The Plio-Pleistocene site of Dmanisi (Georgia) has yielded an exceptionally well-preserved and morphologically diverse sample of cranial and postcranial remains of early Homo within a rich archeological and faunal context. This unique ensemble offers new comparative perspectives on the origin and dispersal of our own genus in Africa and Asia. Here we ask how patterns of morphological diversity within the
Dmanisi paleopopulation, and between Dmanisi and African/Asian H. erectus, are related to processes of hominin phylogeography. Variation in size and shape within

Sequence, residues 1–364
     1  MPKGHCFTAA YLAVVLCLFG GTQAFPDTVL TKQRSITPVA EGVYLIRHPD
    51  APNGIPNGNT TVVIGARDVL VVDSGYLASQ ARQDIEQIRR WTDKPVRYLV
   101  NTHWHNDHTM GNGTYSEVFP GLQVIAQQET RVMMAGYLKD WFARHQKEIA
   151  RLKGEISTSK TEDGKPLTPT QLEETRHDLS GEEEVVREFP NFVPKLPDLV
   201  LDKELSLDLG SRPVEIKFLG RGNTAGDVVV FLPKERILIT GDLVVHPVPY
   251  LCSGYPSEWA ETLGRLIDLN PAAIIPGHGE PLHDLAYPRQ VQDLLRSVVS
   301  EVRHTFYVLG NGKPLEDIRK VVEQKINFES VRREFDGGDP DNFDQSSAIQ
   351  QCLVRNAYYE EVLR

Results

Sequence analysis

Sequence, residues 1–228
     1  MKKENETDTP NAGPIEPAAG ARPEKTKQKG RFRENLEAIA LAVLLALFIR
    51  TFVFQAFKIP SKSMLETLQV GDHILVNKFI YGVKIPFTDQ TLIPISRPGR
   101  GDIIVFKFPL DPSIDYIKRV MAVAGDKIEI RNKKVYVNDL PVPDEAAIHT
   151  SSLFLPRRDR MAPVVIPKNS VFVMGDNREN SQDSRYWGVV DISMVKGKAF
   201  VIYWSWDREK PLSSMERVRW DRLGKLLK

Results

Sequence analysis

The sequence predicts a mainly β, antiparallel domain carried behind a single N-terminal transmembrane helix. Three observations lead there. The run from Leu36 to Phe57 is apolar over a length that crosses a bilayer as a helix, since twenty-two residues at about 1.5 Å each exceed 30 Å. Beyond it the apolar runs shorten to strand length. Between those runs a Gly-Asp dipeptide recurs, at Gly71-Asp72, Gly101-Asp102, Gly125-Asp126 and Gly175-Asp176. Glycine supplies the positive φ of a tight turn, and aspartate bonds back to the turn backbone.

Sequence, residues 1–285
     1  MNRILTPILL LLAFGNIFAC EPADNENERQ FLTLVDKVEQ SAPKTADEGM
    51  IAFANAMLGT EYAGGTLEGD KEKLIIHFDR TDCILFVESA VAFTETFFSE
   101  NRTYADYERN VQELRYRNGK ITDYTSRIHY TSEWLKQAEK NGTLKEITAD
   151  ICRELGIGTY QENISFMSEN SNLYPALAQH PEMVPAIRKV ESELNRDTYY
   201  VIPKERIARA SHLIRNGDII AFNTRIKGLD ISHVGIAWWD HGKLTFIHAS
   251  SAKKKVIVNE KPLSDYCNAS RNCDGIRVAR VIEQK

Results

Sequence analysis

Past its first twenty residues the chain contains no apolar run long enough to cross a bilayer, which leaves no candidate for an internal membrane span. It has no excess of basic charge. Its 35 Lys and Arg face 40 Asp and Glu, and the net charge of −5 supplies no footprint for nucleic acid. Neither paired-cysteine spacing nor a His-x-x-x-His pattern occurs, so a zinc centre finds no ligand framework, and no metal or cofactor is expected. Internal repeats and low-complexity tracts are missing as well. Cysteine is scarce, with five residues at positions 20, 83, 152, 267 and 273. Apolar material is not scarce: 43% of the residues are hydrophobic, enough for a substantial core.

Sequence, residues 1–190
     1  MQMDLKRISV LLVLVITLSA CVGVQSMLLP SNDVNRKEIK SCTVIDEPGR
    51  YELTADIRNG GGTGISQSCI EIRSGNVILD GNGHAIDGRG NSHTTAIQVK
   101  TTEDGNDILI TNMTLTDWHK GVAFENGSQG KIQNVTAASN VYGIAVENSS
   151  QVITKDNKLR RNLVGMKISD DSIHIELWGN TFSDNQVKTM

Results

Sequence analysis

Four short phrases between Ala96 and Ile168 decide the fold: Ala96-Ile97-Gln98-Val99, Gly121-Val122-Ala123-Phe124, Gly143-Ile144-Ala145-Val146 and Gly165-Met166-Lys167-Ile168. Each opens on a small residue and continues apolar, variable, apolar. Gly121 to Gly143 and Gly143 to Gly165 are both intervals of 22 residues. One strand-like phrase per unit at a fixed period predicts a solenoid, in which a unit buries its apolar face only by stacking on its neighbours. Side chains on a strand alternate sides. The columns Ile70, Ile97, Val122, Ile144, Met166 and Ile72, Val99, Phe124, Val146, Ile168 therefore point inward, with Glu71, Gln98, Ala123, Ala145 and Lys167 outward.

the Dmanisi sample is considerable and, like in modern human populations, a large proportion of it can be related to variation in basic developmental processes. This perspective has several implications for the interpretation of H.erectus sensu lato: (1)at its lower (Plio-Pleistocene) boundary, separation from early Homo (cf. habilis)becomes increasingly difficult; (2) during the Pleistocene, links between Dmanisi and East Asian forms are probably closer than with Africa; (3) at its upper boundary
(Pleisto-Holocene), H. floresiensis is plausible as a paedomorphic dwarf from.